Parents Spending More For School Supplies, Clothes

Parents Spending More For School Supplies, Clothes

NEW YORK (MainStreet) — A majority of parents plan to shell out more money on their children's back-to-school shopping this year, driven by rising costs rather than having greater spending power, according to a survey conducted by Accenture, the Chicago-based management consulting and technology services company.

Read More: Costs Are Biggest Back-to-School Stress, Parents Say

The survey, which polled parents of children entering kindergarten through college, shows that 89% plan to do most of their back-to-school shopping in a physical store, although many will still go online to browse ahead of time before purchasing at a store, which is known as "webrooming."

I think that people prefer doing their back-to-school shopping at physical locations, because they can take their children with them," said Gail Cunningham, spokesperson for the Washington, D.C.-based National Foundation for Credit Counseling. "That way the kiddos can say whether or not they like the clothes and try on them on, thus avoiding returns. Today's child knows exactly what he or she wants and mom is aware of that, so she's saving herself some time by letting them be part of the shopping experience."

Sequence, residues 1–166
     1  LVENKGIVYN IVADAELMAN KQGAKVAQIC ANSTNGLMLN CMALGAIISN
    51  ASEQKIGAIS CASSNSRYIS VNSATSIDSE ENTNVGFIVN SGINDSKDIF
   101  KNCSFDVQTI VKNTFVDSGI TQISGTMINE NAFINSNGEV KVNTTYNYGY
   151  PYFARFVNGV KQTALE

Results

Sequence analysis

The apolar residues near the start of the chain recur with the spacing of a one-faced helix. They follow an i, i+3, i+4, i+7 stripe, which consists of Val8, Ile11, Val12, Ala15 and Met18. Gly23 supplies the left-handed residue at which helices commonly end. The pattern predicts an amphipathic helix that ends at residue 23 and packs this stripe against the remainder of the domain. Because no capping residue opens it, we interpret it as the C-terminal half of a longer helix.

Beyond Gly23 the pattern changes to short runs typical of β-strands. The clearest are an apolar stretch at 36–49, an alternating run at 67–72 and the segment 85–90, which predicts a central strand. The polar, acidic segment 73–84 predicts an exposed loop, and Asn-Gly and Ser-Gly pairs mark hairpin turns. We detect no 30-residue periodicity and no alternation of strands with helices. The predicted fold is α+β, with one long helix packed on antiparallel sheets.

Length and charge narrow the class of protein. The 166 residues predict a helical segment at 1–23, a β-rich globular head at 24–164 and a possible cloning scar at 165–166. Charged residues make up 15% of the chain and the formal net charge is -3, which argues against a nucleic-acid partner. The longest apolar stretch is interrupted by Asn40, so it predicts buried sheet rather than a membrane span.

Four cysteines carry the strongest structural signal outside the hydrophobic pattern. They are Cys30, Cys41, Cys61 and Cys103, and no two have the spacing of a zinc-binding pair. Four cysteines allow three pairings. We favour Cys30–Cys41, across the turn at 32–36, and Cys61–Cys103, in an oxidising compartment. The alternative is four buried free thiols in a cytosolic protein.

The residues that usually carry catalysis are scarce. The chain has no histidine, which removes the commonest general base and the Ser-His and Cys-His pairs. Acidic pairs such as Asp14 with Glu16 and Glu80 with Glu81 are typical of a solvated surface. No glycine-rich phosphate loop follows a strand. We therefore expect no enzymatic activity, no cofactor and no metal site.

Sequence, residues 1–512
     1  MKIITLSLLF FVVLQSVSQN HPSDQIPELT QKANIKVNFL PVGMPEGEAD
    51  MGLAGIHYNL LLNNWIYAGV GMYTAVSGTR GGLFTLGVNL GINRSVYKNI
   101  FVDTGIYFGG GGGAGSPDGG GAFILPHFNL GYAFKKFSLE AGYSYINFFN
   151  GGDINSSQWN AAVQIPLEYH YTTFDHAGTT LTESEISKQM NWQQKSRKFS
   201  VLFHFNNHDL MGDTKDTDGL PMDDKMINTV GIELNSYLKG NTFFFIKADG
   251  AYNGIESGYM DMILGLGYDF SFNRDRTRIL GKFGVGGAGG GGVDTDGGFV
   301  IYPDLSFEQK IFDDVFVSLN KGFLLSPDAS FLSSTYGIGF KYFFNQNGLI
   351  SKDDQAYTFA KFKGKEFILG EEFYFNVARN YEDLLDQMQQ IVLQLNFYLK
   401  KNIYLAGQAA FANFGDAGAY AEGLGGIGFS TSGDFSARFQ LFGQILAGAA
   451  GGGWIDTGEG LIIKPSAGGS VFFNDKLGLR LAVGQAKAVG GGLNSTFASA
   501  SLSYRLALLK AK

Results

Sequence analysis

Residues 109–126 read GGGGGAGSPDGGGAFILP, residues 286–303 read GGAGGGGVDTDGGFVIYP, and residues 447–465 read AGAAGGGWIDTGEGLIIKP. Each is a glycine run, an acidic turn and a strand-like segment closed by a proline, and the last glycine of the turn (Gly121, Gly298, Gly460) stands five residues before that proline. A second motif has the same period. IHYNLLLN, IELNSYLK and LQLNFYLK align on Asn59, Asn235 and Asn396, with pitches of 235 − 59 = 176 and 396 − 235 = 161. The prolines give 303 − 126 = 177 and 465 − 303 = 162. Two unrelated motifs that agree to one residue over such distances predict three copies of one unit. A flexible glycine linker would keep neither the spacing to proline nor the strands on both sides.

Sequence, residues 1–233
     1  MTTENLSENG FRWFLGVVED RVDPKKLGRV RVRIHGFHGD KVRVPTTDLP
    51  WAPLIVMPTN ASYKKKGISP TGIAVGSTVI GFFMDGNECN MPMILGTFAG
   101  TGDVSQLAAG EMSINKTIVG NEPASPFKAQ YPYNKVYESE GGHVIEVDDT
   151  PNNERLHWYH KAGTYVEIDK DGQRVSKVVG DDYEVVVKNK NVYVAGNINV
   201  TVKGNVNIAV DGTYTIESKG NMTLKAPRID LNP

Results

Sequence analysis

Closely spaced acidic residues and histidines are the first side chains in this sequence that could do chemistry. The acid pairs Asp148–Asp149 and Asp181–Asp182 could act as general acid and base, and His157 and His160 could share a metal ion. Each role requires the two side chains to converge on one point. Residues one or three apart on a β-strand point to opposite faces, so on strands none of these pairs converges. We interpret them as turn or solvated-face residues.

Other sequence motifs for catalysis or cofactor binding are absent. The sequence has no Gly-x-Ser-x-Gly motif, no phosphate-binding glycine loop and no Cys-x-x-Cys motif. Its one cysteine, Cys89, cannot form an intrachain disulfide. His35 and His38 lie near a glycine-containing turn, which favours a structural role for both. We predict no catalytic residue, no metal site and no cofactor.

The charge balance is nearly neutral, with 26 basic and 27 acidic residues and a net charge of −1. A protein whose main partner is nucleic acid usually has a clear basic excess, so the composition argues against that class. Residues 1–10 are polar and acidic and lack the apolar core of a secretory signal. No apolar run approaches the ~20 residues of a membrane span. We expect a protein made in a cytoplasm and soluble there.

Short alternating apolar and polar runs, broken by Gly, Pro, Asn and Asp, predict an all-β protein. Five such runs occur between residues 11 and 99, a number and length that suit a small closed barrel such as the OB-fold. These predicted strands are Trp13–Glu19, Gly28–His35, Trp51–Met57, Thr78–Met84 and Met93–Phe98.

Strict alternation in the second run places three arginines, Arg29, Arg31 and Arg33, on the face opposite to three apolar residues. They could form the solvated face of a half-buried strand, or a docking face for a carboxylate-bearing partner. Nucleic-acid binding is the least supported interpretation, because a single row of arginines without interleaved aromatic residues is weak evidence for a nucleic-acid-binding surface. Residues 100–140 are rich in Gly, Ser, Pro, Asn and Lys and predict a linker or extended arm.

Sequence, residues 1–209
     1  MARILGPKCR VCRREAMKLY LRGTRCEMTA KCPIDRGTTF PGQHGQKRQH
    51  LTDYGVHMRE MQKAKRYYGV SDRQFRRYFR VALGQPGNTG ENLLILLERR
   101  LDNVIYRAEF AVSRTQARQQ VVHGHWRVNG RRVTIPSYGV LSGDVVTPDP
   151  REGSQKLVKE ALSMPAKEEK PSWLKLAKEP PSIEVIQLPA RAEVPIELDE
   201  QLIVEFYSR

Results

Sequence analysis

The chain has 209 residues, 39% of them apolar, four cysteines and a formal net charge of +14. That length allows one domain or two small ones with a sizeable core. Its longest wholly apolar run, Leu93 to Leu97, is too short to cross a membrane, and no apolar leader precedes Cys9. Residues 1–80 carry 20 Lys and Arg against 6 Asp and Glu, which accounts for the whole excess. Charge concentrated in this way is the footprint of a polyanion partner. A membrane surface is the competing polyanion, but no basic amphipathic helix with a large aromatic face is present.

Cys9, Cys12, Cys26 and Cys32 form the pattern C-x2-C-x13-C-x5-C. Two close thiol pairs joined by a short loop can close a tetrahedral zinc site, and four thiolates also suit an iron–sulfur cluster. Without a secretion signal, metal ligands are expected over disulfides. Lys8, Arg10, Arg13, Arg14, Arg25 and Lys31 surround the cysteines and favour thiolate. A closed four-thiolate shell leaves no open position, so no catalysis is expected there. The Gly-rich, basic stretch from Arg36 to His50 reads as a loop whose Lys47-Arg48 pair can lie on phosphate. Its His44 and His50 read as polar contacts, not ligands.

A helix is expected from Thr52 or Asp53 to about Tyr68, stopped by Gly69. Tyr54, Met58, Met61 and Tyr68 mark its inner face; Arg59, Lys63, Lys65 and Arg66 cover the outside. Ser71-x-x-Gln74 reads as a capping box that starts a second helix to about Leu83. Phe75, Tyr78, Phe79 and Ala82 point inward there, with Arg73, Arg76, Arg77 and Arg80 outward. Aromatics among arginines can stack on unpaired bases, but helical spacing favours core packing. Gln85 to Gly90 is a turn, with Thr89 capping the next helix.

The majority of parents (67%) said they plan to spend between $100 and $500, and 41% plan to spend $500 or more for back-to-school shopping this year, according to the survey conducted by Accenture. Just over half (52%) of the parents said they will spend more on back-to-school shopping than last year and 37% plan to spend the same.

Read More: Will You Spend This Much on Back-to-School Supplies

Their back-to-school budget increased this year with 71% of parents who said higher prices are the cause and 56% who cited increased school requirements. Many parents said they plan to spend less on shopping this year with 58% who plan to decrease spending by $100 or less than last year. More than half or 55% of these parents said they will reduce their spending because they have less discretionary income and 28% say they will reduce spending because of higher living costs.

Back to Top